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2016 Security Predictions

Chad Dupin
April 21, 2016

The ITS Security Team presents eight key predictions on what it will take to keep good stuff in and keep bad stuff out in 2016.

Keeping good stuff in.

Today’s cyber thieves are not just going after Fortune 500 companies, they’re moving down market to organizations that have information of value and are less likely to be formidable against these threats. Not only that, but this valuable information/data is overspilling server rooms and collecting in larger, caged off, and practically unmanned cloud datacenters. Keeping data private and protected has become more complex and requires more elasticity.

Personally Identifiable Information (PII) is the top target.

PII will continue to be the high value data bad guys target. You should consider yourself a target if you maintain any personal and/or financial information on your customers – even if you’re a medium-sized company. Healthcare, government, and financial sectors better be ready.

Encryption everywhere.

There are no more excuses for unencrypted endpoints – and everyone knows it. Organizations will make the last push to fully leverage content management and “intelligent” encryption with partner networks and customers. This is the year to take that out of the user’s hands once and for all. Encrypt everything at-rest and in-motion (anything to you or your customers).

Data Loss Prevention maturing beyond just monitoring and remediation.

What DLP solution did you implement? How far did you actually take DLP operationally? How has your RROT plan come together? This year, many organizations will be re-assessing their DLP initiatives, making sure key areas of risk are being addressed. It’s important to get the most out of the detection technology but also to get further down the lifecycle of risk reduction, taking incident response and workflows to the next level. As O365 gains more adoption it’s provoking the reevaluation of the entire initiative.

The last nail in the Password coffin.

Hopefully your Data Loss Prevention initiative taught you how people were, not only using and sharing information assets but, how those assets are being accessed. Companies will take TFA beyond VPN and into web and mobile apps. Public Key Infrastructure (mPKI) is also tan, rested, and ready.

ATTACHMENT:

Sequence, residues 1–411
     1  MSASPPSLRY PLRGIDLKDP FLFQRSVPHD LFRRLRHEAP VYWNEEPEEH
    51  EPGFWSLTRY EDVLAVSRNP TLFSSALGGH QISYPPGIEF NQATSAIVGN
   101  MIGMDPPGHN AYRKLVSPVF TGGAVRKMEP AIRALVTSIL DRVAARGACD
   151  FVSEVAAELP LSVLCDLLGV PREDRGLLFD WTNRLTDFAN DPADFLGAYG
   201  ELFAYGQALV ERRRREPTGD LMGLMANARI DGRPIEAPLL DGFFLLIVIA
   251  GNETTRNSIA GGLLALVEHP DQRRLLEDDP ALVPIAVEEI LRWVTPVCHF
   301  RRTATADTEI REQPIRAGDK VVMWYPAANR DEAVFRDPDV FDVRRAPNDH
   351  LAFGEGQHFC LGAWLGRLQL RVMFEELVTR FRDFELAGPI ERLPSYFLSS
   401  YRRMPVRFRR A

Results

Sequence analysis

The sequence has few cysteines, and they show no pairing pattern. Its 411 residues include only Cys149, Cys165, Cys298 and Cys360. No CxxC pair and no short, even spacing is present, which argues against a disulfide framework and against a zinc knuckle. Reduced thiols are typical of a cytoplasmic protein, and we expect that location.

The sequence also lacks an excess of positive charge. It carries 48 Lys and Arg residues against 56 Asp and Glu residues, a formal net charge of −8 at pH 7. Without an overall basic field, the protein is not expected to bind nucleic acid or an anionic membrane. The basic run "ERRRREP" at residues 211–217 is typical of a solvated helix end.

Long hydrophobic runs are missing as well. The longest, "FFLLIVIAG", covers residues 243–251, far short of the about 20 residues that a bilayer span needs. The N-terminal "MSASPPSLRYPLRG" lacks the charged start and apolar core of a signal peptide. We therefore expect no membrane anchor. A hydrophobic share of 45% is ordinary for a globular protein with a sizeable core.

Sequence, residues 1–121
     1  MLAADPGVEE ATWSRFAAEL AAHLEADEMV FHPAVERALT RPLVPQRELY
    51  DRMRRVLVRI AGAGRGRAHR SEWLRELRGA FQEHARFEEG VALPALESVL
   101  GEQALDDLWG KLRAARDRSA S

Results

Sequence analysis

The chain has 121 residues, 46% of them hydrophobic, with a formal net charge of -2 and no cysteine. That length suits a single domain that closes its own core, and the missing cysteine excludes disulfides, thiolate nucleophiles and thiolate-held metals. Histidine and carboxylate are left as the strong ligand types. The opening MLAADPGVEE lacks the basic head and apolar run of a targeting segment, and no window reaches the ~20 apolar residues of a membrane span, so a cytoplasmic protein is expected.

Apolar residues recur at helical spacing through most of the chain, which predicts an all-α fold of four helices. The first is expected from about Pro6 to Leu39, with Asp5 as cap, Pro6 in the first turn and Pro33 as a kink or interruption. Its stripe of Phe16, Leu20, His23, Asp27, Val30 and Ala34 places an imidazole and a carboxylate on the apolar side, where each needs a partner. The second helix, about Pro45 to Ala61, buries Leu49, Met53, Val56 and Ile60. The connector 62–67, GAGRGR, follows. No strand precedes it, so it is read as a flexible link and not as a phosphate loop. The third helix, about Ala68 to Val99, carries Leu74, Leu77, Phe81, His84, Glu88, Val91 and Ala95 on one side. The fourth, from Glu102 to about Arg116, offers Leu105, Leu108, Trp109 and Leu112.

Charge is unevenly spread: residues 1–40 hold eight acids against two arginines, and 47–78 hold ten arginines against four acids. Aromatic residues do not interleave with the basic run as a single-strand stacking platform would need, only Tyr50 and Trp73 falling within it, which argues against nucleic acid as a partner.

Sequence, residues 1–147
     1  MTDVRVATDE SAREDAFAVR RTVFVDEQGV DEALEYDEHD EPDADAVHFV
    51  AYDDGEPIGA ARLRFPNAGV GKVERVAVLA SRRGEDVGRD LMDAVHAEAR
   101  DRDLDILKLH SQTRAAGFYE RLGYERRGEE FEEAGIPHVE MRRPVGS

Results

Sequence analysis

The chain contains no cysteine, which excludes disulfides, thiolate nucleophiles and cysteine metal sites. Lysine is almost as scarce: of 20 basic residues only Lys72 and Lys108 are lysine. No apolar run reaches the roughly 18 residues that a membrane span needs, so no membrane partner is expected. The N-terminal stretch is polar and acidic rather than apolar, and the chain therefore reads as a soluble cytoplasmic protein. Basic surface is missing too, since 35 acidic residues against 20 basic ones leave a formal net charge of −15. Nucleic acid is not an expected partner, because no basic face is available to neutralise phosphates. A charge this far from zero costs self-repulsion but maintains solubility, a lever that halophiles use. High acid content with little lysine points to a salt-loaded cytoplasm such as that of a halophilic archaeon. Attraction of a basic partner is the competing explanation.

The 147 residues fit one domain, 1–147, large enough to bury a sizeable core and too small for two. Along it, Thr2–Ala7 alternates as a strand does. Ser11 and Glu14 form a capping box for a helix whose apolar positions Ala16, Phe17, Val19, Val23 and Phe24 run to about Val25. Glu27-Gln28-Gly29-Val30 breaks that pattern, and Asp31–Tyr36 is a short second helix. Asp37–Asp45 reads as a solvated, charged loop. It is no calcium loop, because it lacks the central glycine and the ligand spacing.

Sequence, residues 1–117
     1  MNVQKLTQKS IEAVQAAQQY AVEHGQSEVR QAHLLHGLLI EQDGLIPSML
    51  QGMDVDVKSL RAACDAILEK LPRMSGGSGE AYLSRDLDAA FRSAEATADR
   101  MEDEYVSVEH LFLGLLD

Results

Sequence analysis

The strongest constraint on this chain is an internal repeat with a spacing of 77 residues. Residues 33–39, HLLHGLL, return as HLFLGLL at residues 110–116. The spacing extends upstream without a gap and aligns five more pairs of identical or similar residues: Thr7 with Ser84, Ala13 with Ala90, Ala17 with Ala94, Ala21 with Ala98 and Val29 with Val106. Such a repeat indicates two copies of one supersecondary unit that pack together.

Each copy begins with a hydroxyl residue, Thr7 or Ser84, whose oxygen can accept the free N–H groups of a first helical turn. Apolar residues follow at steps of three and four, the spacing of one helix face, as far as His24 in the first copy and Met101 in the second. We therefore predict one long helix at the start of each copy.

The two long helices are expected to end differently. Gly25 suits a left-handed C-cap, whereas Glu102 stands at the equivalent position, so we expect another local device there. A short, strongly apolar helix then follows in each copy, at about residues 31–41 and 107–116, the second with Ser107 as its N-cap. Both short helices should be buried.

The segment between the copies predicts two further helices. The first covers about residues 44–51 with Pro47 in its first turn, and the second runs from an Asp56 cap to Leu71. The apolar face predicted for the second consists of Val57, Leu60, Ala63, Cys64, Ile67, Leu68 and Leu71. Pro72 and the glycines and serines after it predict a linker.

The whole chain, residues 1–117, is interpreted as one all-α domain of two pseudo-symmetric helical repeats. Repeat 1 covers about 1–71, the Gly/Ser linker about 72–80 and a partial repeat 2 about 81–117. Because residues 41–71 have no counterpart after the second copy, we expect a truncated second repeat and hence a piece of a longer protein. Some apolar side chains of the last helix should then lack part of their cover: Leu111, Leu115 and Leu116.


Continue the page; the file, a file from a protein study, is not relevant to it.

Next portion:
Keeping bad stuff out.

The network security players are running to the endpoint and the endpoint companies are grabbing at layer three. You can no longer debate endpoint vs. network when considering today’s advanced attacks, you need to correlate between them. While you’re at it, toss email in there, shake it up, and sort it out on the table in order to identify, prioritize, and remediate advanced threats.

Beyond Anomalous to benchmarking behavior.

If your organization has been compromised by a focused and skilled attack, detecting east/west movement and preventing privilege escalation is your last chance to interrupt the heist. Taking a baseline approach to your network, applications and users will take some effort but could turn the tables on truly defending against malicious activity.

Intelligence trump tools.

While we still believe the “best-in-class” should still be a priority for certain tools. A debate is rising over whether or not Endpoint AV needs to be best-of-breed, or can you take what’s free with your Enterprise Agreement. Reputation and behavior are the new minimums with intelligence networks becoming the new truth behind all of the noise in how we analyze and prioritize today’s threats. Security Monitoring is expected to grow in 2016 due to the need for correlated intelligence behind the tools themselves. If your on-prem SIEM solution isn’t showing you anything worthy today, it’s not looking for the right things.

Careful what you click.

Security Awareness will see an earnest investment this year, but it is rather late given how much ransomeware and advanced attacks have come from phishing emails. Educate your users, but also use technology and intelligence to backup your attempts to create a culture of security.

No malware, no staff, no Infrastructure.

Many organizations will relinquish responsibility for the modernization and management of enterprise malware. More mid-sized companies will outsource endpoint and perimeter security management and ITSEC will focus on remediation and response. Organizations that are moving to AWS or Azure, will get a chance to do it gearlessly.

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